The Hundred-Foot Journey (Touchstone, Blu-ray, DVD, Digital HD, VOD) is a film for our culture: a feel-foodie drama of racial tolerance, cross-cultural acceptance, and fusion cuisine. It’s produced by Steven Spielberg and Oprah Winfrey and directed by Lasse Hallstrom (the classiest of contemporary feel-good filmmakers) and it stars Helen Mirren as the bastion of fine French cuisine and unshakable tradition in the prettiest little village in the South of France you’ll ever see in a movie.
The journey of the title is the distance between Mirren’s French restaurant, a one-star Michelin bastion of the region, and a new Indian restaurant opened by an immigrant family headed by Om Puri and represented in the kitchen by Manish Dayal, who learned the art from his late mother. There is a very underplayed romance between Dayal and Charlotte Le Bon, the young sous chef of Mirren’s establishment, but it is so understated you wonder if it’s actually catching fire at all.
There’s not a beat here that you will surprise you, nary a narrative turn you won’t see coming. While the proprietors go to war, hammering the Mayor with hassles about noise, zoning, and all sorts of nuisance complaints, Le Bon introduces Dayal to French cooking and it turns out that he’s a natural. Competition turns into cooperation and Mirren sponsors his entry into the world of competitive cuisine.
But it’s sweet and affectionate, lovely to look at, and appreciative of the evolution that all the characters make on their own journeys. And if you love food, this film celebrates cuisine as an art, a communal experience, an act of affirmation, and a way of sharing. Pair it with a nice Bordeaux… or perhaps a cup of tea.
Blu-ray and DVD, with a 12-minute making-of featurette. The Blu-ray also features a 12-minute interview with producers Steven Spielberg and Oprah Winfrey discussing their first collaboration since The Color Purple, a behind-the-scenes piece with Oprah Winfrey, and a tutorial video on how to cook Coconut Chicken, plus a bonus Digital HD copy of the film.
Dawn of the Planet of the Apes (Fox, Blu-ray, Blu-ray 3D, DVD) picks up a decade after Rise of the Planet of the Apes, as the human population is recovering from the devastation of the virus unleashed at the end of that film and the human community has first contact with the ape civilization living in the forest outside of San Francisco. There’s a strong story involving the relationship between two families who reach across the species divide, led by Caesar (Andy Serkis in a brilliant and rich motion capture performance), who is both husband and father to his family and benevolent leader of the simian tribe, and Jason Clarke as an engineer trying to repair an electrical damn to power the human reclamation of San Francisco. They are the exceptions, however. The older apes remember the abuse they suffered at the hands of humans and the humans blame the apes for the virus (never mind that it was created by humans) and have an instinctual suspicion of any animal that can speak. It has a powerful resonance as a metaphor for wars of cultural animosity, hatred and mistrust, with human and ape both equating the worst actions of the other with the entire species.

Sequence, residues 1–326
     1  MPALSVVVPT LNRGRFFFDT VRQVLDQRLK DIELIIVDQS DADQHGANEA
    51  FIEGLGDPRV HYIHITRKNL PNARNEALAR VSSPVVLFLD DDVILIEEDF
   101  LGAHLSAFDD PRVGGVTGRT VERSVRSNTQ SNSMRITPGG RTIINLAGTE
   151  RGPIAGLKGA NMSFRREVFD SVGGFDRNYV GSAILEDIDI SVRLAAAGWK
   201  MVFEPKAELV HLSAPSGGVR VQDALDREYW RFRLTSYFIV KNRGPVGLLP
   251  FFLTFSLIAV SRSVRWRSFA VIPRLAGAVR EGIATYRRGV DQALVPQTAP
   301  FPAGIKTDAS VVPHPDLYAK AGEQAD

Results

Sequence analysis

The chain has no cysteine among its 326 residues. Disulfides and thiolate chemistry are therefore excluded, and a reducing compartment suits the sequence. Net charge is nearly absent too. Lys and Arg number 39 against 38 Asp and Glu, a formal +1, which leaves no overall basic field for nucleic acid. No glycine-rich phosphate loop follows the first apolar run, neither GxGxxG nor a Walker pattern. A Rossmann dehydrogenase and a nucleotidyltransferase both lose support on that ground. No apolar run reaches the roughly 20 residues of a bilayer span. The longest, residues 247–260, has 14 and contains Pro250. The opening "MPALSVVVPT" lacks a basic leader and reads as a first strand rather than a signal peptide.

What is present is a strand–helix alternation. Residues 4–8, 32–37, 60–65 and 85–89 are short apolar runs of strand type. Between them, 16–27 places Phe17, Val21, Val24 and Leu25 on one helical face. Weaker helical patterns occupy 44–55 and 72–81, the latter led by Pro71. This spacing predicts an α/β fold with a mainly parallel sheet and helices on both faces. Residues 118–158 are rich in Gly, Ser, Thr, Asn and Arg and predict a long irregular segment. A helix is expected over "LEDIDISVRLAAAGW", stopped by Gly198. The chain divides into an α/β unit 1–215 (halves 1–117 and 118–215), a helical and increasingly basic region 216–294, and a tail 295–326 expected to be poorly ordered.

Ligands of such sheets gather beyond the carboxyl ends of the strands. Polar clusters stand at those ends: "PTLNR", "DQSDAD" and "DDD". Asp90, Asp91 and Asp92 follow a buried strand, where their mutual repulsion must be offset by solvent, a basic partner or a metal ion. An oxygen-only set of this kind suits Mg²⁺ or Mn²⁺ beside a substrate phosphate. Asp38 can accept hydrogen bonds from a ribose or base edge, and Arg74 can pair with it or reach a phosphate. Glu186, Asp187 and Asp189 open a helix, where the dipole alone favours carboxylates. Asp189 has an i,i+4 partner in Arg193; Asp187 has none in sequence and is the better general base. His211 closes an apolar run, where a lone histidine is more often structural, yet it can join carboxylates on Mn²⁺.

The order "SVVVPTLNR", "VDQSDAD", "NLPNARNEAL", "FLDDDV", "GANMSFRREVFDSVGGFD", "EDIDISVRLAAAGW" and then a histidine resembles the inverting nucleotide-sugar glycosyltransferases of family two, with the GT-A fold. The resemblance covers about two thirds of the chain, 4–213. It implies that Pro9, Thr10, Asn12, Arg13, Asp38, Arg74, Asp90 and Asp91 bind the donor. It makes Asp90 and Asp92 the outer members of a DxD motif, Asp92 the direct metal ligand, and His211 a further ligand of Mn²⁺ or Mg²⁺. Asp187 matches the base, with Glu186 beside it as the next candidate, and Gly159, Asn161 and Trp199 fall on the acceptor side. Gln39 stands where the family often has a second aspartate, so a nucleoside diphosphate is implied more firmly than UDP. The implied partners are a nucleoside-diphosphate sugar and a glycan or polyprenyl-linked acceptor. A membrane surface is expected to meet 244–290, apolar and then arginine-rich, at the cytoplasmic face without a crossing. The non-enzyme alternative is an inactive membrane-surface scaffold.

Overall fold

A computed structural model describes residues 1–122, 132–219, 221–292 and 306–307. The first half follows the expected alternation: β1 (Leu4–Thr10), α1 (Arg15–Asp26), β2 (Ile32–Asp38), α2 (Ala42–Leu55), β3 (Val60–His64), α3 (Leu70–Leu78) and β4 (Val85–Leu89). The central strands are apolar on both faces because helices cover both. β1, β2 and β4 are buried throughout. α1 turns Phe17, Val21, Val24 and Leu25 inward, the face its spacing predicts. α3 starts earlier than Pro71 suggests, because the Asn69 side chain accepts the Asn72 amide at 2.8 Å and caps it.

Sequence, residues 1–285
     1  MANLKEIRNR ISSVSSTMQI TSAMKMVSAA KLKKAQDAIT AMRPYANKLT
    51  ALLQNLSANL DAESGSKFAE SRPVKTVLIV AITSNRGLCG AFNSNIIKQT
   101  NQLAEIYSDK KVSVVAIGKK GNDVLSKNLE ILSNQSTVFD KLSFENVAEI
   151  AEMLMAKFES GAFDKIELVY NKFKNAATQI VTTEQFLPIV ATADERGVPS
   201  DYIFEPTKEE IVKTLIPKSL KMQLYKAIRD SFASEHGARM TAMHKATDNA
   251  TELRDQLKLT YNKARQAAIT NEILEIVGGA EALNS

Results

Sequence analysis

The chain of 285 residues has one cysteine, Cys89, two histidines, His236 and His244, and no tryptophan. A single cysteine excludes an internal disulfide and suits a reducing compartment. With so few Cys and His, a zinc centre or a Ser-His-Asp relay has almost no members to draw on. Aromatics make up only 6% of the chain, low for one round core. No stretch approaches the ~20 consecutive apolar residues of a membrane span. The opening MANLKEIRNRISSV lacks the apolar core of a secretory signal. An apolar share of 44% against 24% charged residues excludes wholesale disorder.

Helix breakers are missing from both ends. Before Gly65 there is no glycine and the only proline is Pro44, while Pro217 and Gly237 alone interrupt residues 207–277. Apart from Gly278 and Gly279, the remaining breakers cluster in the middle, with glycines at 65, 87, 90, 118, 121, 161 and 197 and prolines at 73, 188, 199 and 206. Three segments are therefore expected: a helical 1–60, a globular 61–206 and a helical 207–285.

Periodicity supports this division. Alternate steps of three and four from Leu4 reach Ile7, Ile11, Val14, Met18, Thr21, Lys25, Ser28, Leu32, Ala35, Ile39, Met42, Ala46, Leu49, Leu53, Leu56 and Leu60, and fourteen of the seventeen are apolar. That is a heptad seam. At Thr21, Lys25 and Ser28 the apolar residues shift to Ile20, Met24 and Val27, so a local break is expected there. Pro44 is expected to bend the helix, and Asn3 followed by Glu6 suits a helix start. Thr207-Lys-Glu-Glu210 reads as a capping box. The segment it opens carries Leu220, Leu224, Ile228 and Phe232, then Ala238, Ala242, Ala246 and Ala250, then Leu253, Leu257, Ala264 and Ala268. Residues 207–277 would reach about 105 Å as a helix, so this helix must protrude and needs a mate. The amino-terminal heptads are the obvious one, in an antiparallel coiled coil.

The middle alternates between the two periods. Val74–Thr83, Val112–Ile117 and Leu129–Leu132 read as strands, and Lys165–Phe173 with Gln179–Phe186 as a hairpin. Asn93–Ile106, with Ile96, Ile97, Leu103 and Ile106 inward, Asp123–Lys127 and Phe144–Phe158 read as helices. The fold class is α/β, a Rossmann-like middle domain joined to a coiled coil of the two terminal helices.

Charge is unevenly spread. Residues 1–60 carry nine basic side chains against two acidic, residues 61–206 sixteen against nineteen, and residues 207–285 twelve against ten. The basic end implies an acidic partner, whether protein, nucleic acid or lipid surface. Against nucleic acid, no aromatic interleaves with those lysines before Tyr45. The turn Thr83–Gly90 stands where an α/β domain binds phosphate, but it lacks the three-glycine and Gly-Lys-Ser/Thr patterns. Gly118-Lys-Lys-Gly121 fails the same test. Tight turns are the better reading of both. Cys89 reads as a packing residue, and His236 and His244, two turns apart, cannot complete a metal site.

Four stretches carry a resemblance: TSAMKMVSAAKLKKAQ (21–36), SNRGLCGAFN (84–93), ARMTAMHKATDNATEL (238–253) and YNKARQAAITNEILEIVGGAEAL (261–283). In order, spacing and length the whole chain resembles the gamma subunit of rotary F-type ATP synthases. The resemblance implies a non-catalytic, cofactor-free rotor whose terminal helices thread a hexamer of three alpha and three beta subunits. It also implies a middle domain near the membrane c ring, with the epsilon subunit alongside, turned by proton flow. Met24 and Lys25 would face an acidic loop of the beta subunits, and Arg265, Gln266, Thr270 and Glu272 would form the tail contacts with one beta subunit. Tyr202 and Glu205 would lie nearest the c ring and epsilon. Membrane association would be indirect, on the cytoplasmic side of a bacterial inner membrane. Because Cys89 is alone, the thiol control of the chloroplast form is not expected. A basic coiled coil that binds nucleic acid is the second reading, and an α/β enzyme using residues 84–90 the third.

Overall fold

Matt Reeves, whose Let Me In was an evocative adaptation of the Swedish horror film Let the Right One In, delivers both action spectacle and character drama, and he rightfully centers the entire film on Caesar, the noble leader who understands the best and worst of humanity, and has to come to terms with the worst of his own tribe as both sides push for war rather than co-existence. The film opens on Caesar’s eyes as he leads a hunt and it ends back on those weary but set eyes, contemplating the coming war that is now inevitable.
Fox isn’t making review copies of their discs available to most reviewers anymore—they offer a streaming link to see the film and that’s about it—so I assume the transfer and sound is good but can’t comment on the supplements or on the details of the deluxe Dawn of the Planet of the Apes: Caesar’s Warrior Collection (Fox, Blu-ray).